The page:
Welcome to the North American Subaru Impreza Owners Club Saturday July 31, 2021
Home Forums Images WikiNASIOC Products Store Modifications Upgrade Garage
NASIOC
Go Back   NASIOC > NASIOC Miscellaneous > Off-Topic

Welcome to NASIOC - The world's largest online community for Subaru enthusiasts!
Welcome to the NASIOC.com Subaru forum.

You are currently viewing our forum as a guest, which gives you limited access to view most discussions and access our other features. By joining our community, free of charge, you will have access to post topics, communicate privately with other members (PM), respond to polls, upload content and access many other special features. Registration is free, fast and simple, so please join our community today!

If you have any problems with the registration process or your account login, please contact us.







* As an Amazon Associate I earn from qualifying purchases. 
* Registered users of the site do not see these ads. 
Reply
 
Thread Tools Display Modes
Old 12-27-2009, 12:00 PM   #1
4x4GGG
RIP Donny
 
Member#: 12686
Join Date: Nov 2001
Chapter/Region: MAIC
Location: Leesburg, VA
Vehicle:
2017 Escape SE

Default Official Kayak & Canoe Thread

In the market. Didn't know there were sooo many choices out there to make.

We first wanted a tandem, assuming either my niece or friends or what ever. Found out that if you get a 2 man, you need 2 men. Solo operation of a tandem is quite difficult.

Sit in vs sit on. Although the first salesman we talked to was pretty comfortable with sit in, the rest we met thru the day seemed to push the Sit On versions. I agreed with them. I don't think I would want to be paddling from with in a bath tub.

Longer vs Shorter. From what I gather the longer ones can travel faster and tend to track straighter, while the shorter ones can turn on a dime and maneuver anywhere.

So OT... anything I missed or need to know before cashing in my Christmas present?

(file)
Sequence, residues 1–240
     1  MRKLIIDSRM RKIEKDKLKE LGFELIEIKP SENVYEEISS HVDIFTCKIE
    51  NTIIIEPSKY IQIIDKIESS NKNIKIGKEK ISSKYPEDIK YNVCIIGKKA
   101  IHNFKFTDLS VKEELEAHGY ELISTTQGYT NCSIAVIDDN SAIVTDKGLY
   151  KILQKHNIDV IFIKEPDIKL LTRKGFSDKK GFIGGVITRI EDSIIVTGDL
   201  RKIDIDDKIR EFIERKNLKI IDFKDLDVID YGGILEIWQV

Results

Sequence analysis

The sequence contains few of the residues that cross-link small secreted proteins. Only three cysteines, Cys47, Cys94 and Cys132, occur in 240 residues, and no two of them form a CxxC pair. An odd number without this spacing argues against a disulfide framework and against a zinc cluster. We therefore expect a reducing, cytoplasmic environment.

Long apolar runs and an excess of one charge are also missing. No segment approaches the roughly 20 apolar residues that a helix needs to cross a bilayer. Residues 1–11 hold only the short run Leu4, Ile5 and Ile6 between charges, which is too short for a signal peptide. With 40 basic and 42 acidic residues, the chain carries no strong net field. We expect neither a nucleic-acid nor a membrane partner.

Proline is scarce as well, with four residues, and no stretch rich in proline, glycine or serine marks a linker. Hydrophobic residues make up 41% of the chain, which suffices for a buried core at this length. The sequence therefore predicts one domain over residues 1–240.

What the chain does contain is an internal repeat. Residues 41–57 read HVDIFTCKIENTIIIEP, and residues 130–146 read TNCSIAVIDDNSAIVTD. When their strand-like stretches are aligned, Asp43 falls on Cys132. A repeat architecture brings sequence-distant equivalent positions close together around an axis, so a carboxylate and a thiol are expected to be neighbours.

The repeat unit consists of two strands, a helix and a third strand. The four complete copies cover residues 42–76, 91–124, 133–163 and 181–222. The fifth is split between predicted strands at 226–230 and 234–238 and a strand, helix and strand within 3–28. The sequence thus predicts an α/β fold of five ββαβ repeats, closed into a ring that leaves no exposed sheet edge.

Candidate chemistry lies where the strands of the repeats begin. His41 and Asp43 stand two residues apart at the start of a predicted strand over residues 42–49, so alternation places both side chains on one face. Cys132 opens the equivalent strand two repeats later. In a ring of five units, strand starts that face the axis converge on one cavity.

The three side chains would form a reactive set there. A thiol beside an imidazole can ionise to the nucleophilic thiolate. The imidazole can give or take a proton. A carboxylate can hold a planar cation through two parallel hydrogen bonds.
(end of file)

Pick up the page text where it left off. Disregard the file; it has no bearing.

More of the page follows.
For the record, I'm leaning towards:

Ocean Kayak, The Frenzy.

* Registered users of the site do not see these ads.
4x4GGG is offline   Reply With Quote
Sponsored Links
* Registered users of the site do not see these ads.
Old 12-27-2009, 12:06 PM   #2
just smurfy
Scooby Specialist
 
Member#: 135893
Join Date: Dec 2006
Chapter/Region: NWIC
Location: right here
Vehicle:
2017 STI
WRB

Default

You need to answer more questions.

1) What kind of water do you want to paddle on? (ocean, lakes, rivers)
2) What is your budget
3) Do you want to be able to increase your skills in kayaking, or just dink around?
4) Do you want to do more floating, or do you want to be actually going places?
5) What are you going to be doing from the kayak (fishing, cruising, surfing, etc)
just smurfy is offline   Reply With Quote
Old 12-27-2009, 12:21 PM   #3
kevin85193
Scooby Specialist
 
Member#: 145900
Join Date: Apr 2007
Chapter/Region: Tri-State
Location: asbury park nj
Vehicle:
2003 16g wagon sold
05 SWP LGT

Default

Quote:
Originally Posted by just smurfy View Post
You need to answer more questions.

1) What kind of water do you want to paddle on? (ocean, lakes, rivers)
2) What is your budget
3) Do you want to be able to increase your skills in kayaking, or just dink around?
4) Do you want to do more floating, or do you want to be actually going places?
5) What are you going to be doing from the kayak (fishing, cruising, surfing, etc)
We will help after the questions are answered!
kevin85193 is offline   Reply With Quote
Old 12-27-2009, 12:57 PM   #4
Mike Wevrick
RIP 1/19/64 - 7/23/11
Scooby Guru
 
Member#: 24654
Join Date: Sep 2002
Chapter/Region: NESIC
Location: saraseager.com
Vehicle:
1957 Taggart Comet
atlasshruggedpart1.com

Default

Quote:
Originally Posted by 4x4GGG View Post
I don't think I would want to be paddling from with in a bath tub.
A "sit-in" kayak is not like a bathtub at all. Have you actually test-paddled any boats? You really need to do that to make a good decision.
Mike Wevrick is offline   Reply With Quote
Old 12-27-2009, 01:09 PM   #5
4x4GGG
RIP Donny
 
Member#: 12686
Join Date: Nov 2001
Chapter/Region: MAIC
Location: Leesburg, VA
Vehicle:
2017 Escape SE

Default

For me it will be all bay paddling. Very mild chop.

Up to ~$700.*

For the most part I'll be using it for fun, exploring, exercising. I live right on the Assawoman bay, and I intend to roll thru all the little dock areas and check out houses, etc. Maybe into the bay to play on some sandbars...

Cruising for me, mostly.

*This is a house present from my mother to my brother and I who live together. She offered up to about $800 for a tandem for the 2 of us to alternate using. We found out tandems were out of the question. I found one in the mid $300's (8 foot, top, pretty basic) that seemed to fit my needs and thought of the idea of picking out 2 singles.

I know my wants are completely different for my brother and I. He's gonna want to do some fishing from his, maybe taking it over to the ocean side and do some surfing, deep bay ****... who knows.